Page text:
Second Circuit Throws Out Prom Dress Copyright Appeal

By Joseph Mandour on October 16, 2012

dress Los Angeles – The Second Circuit on Monday ruled that Jovani Fashion Ltd. cannot bring copyright infringement claims against its rival Fiesta Fashions over its design for a prom dress just because Fiesta’s dress also features sequins, ruching and tulle, affirming a Manhattan federal court’s decision to toss Jovani’s action.

Articles of clothing are considered “useful articles” not protected by the Copyright Act, except for certain narrow exceptions that Jovani failed to meet, the Second Circuit said in upholding Judge John G. Koeltl’s July 2011 ruling in favor of Fiesta.

Jovani argued that the dress in question deserves copyright protection because its design brings together a combination of features that can be identified separately from and can exist independently of the garment’s utilitarian aspects. Specifically, it pointed to the arrangement of decorative sequins and crystals on the dress bodice, horizontal satin ruching at the dress waist, and layers of tulle on the skirt.

Copyright protection is only granted to design elements of clothing when those elements, individually or together, are “physically or conceptually” separable from the garment itself, the Second Circuit said.

Physical separability can be shown when one or more decorative elements of a garment can actually be removed and sold separately without any adverse impact on the garment’s functionality, according to the appeals court.

Jovani has not alleged, nor could it possibly allege, that the design elements for which it seeks protection could be removed from the dress in question and separately sold, the Second Circuit ruled.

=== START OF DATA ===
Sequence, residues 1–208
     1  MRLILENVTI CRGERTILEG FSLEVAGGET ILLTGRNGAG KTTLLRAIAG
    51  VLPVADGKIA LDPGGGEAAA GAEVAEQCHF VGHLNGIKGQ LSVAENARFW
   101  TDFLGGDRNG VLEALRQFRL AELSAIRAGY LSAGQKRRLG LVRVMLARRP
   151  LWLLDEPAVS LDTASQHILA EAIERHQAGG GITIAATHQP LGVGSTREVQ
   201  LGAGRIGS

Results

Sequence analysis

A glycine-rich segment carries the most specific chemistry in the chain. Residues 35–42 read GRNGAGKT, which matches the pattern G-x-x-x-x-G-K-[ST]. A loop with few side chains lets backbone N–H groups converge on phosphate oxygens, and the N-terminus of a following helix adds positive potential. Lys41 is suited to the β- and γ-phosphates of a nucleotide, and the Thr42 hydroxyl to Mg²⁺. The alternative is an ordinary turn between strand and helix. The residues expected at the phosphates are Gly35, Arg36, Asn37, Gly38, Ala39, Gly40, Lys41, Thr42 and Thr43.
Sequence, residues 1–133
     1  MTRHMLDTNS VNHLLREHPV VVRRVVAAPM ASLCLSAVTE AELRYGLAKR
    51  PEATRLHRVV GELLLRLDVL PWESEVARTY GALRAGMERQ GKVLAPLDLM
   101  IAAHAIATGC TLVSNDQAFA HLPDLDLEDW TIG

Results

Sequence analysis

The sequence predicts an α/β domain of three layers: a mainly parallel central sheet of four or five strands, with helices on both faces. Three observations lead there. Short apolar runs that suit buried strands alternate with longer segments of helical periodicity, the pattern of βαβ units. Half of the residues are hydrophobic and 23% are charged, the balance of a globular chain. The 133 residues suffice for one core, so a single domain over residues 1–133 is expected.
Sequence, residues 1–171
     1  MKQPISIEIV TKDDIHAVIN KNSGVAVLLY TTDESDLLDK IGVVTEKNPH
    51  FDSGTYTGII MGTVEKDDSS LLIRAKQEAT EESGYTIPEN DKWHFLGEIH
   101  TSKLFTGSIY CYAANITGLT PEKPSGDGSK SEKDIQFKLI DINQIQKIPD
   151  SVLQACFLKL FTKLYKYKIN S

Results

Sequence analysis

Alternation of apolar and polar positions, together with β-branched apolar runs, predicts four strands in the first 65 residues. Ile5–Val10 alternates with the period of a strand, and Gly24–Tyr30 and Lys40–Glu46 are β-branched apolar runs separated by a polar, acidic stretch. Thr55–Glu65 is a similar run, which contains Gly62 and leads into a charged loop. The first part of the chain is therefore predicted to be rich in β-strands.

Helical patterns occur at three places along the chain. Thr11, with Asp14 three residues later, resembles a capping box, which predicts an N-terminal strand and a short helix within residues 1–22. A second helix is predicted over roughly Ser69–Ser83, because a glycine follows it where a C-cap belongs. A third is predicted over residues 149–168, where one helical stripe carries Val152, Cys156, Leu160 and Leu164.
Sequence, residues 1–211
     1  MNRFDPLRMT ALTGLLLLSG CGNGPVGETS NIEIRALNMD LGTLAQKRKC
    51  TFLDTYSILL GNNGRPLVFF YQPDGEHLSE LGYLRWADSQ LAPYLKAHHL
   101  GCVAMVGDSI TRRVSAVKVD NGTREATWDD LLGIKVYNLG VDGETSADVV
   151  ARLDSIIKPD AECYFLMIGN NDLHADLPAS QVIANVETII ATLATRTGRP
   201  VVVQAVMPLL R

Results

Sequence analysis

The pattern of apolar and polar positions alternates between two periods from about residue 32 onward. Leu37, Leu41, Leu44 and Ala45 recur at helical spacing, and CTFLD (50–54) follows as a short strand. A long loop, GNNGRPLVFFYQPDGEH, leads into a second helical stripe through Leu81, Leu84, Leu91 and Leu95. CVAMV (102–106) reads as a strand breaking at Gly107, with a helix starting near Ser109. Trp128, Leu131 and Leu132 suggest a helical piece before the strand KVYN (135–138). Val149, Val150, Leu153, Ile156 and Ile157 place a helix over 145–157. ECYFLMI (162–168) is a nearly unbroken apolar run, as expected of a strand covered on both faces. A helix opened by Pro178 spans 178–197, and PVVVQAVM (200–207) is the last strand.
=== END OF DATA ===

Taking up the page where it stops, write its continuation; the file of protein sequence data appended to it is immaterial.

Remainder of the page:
“As the district court correctly observed, the removal of these items would certainly adversely affect the garment’s ability to function as a prom dress, a garment specifically meant to cover the body in an attractive way for a special occasion,” the court said. ”No different conclusion obtains as to conceptual separability, which is evident when a designer exercises artistic judgment ‘independently of functional influences,’ rather than as ‘a merger of aesthetic and functional considerations.’”

The designer’s artistic judgment in applying the sequins, crystals, ruching and tulle does not invoke any concept other than that of clothing for a viewer, the appeals court said. Those design elements are actually used to enhance the functionality of the dress as clothing, it said.

“In short, here the aesthetic merged with the functional to cover the body in a particularly attractive way for that special occasion,” the court ruled.

Jovani argued that design elements that make a dress more attractive cannot be intrinsic to the garment’s utilitarian function, which is simply covering the body, but the appeals court said that argument is too narrow and is not supported by circuit precedent.

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